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India v New Zealand

The third wheel in India’s spin attack, Axar Patel is carving a reputation on his own

Axar Patel
by Rohit Sankar 4 minute read

Once labelled as a limited-overs bowler, Axar Patel has had a fairytale start to this Test career, silencing critics by sticking to his strengths, writes Rohit Sankar.

At 21 years old, while still learning the ropes in a sport that he never really chose on his own, Axar Patel was at the receiving end of a blunt, undoubtedly harsh remark from Sunil Gavaskar. “He just rolls the ball, he does not have the flight and his deliveries are very much predictable. He does not turn the ball unless the pitch is favourable. He is slightly slower than medium pace,” Gavaskar told NDTV in 2015 when asked if the young left-armer could be a potential Test spinner.

Six years hence, Axar has had a fairytale start to his Test career, forcing his critics to seek cover. In four Tests and one innings, Axar has 32 wickets with a four-plus wicket haul in all but one of his seven innings in Test cricket. “It’s like a dream within a dream,” Axar stated at the end of the third day’s play at Kanpur where his five-for prematurely ended New Zealand’s innings.

Being the third wheel in a strong spin attack is never easy, especially if the impression around you is that of a one-trick pony. Axar has Ravichandran Ashwin and Ravindra Jadeja, two of the best modern-day Test spinners, in the same team, and rarely gets the first go at a batter. At Kanpur, on a flat wicket, he did not come on until the 24th over in the innings, as the fifth bowler, behind the two quicks and both spinners. He was taken off after two overs, and did not return until the 43rd over in the innings.

A restrictive spinner, known for containing batters with stump-to-stump lines, Axar was quickly written off as limited-overs material. It’s a perception he has worked hard on changing, especially given the national team already had someone very similar to him in Jadeja. While taken aback by Gavaskar’s criticism all those years back, Axar took it on the chin and continued working on what he felt was his biggest strength: bowling back of a length and troubling batters with bounce and accuracy.

A month later, he was routing a visiting South Africa A side in Wayanad with a stirring spell of 6-6-0-4 in the second innings. Six years later, little has changed. It took another injury to Ravindra Jadeja for Axar to get his chance in whites against England, but he stuck to those same strengths. Skidding the ball through on turners made him a threat of a different kind. Batters just couldn’t relax against him. He constantly threatened the stumps.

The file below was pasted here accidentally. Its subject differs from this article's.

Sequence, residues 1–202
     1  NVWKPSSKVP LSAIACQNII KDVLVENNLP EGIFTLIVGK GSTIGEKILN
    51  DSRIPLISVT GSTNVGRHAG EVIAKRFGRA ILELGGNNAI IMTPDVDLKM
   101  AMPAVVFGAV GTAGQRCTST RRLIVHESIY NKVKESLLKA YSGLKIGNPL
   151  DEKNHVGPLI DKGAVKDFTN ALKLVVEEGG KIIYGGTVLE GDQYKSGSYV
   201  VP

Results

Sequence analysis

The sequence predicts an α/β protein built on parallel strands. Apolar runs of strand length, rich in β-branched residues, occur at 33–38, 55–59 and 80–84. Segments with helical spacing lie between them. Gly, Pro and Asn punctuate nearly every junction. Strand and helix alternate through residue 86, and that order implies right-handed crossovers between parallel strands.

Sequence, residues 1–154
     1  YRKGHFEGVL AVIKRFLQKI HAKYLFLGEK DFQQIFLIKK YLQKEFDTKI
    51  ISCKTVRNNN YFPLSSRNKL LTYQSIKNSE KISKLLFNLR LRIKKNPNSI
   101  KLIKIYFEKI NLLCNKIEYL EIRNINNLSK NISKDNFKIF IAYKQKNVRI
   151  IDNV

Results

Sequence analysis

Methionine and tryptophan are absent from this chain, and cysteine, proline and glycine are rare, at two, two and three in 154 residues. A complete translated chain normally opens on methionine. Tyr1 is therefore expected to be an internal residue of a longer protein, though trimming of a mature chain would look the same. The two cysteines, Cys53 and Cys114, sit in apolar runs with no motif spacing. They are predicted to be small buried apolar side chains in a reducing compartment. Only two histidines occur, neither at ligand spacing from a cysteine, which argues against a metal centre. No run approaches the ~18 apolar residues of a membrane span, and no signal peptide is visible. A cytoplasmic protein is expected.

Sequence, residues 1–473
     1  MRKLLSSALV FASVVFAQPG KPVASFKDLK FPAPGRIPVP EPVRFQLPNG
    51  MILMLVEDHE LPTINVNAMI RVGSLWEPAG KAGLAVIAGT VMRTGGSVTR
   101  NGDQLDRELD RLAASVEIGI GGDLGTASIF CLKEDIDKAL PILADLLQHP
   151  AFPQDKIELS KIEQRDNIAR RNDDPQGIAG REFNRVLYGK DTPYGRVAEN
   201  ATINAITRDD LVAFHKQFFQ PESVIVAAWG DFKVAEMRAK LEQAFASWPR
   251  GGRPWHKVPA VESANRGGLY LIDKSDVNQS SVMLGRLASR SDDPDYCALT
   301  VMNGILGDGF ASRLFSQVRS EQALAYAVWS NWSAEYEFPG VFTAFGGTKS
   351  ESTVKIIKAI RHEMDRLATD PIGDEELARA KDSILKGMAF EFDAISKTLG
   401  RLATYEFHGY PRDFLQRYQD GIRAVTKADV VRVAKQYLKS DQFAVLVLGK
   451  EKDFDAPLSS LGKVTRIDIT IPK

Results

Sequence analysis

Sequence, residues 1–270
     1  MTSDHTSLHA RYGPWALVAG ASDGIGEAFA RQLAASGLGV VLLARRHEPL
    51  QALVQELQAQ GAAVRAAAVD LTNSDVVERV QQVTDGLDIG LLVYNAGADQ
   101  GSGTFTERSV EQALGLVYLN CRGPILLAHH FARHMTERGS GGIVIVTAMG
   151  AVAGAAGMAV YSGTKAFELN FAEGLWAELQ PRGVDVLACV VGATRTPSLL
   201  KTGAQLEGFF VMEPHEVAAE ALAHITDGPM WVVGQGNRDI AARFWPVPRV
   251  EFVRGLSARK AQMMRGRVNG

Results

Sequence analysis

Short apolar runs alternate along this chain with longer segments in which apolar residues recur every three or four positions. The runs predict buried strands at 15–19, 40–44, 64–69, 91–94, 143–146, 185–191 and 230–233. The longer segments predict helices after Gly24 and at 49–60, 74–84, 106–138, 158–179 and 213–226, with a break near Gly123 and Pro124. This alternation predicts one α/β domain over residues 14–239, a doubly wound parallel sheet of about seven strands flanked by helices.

With maturity, he learned to undercut the ball, maintaining the same grip on the ball as his stock delivery that turned away from the right-handers. Being a fast bowler in his early years, it was easier for Axar to impart pace on the ball. At the NCA, he worked on making his arm ball, which is a variation in itself to other arm balls because he delivers it with a horizontal seam, more potent. His first-class career stats are a reflection of the kind of bowler he is. Nearly 45 percent of his 167 wickets in first-class cricket are bowled or lbw.

Here in Kanpur, on a flat track and with New Zealand off to a solid start with a near-150-run opening stand, Axar’s challenge was to disprove the theory that he just relied on the pitch and his accuracy for wickets. Axar had to vary his pace and length and deceive batters in the air. He did just that by using his non-turning delivery as the underlying threat. Patience was imperative on a wicket like this, and once it started to show uneven bounce, Axar was right in the thick of the action.

He mixed up the high-arm release delivery by often going wider with a slingy action, all while maintaining impeccable accuracy. The results were exceptional. More than the non-turning ones that would usually fetch Axar his wickets, the one that was delivered from wider and turning after angling in, threatened the batters more.

“I was using the crease more today, [which I] didn’t do that much yesterday in those 10 overs. But today, I was using the crease more, [by bowling] wide off the crease or closer to the stumps. I also got some purchase from the wicket so I did that,” Axar said in the post-day press conference.

Learning on the go is increasingly important if you want to stand out as the third spinner in a three-man spin attack. Axar’s stellar start in Test cricket is the reflection of an understanding of his own strengths and a willingness to step outside his comfort zone and improvise during match situations.

“Axar Patel, seasoned campaigner, I wouldn’t call him a youngster,” former head coach Ravi Shastri had said during his debut series against England. On Saturday he merely lived up to those words.

 

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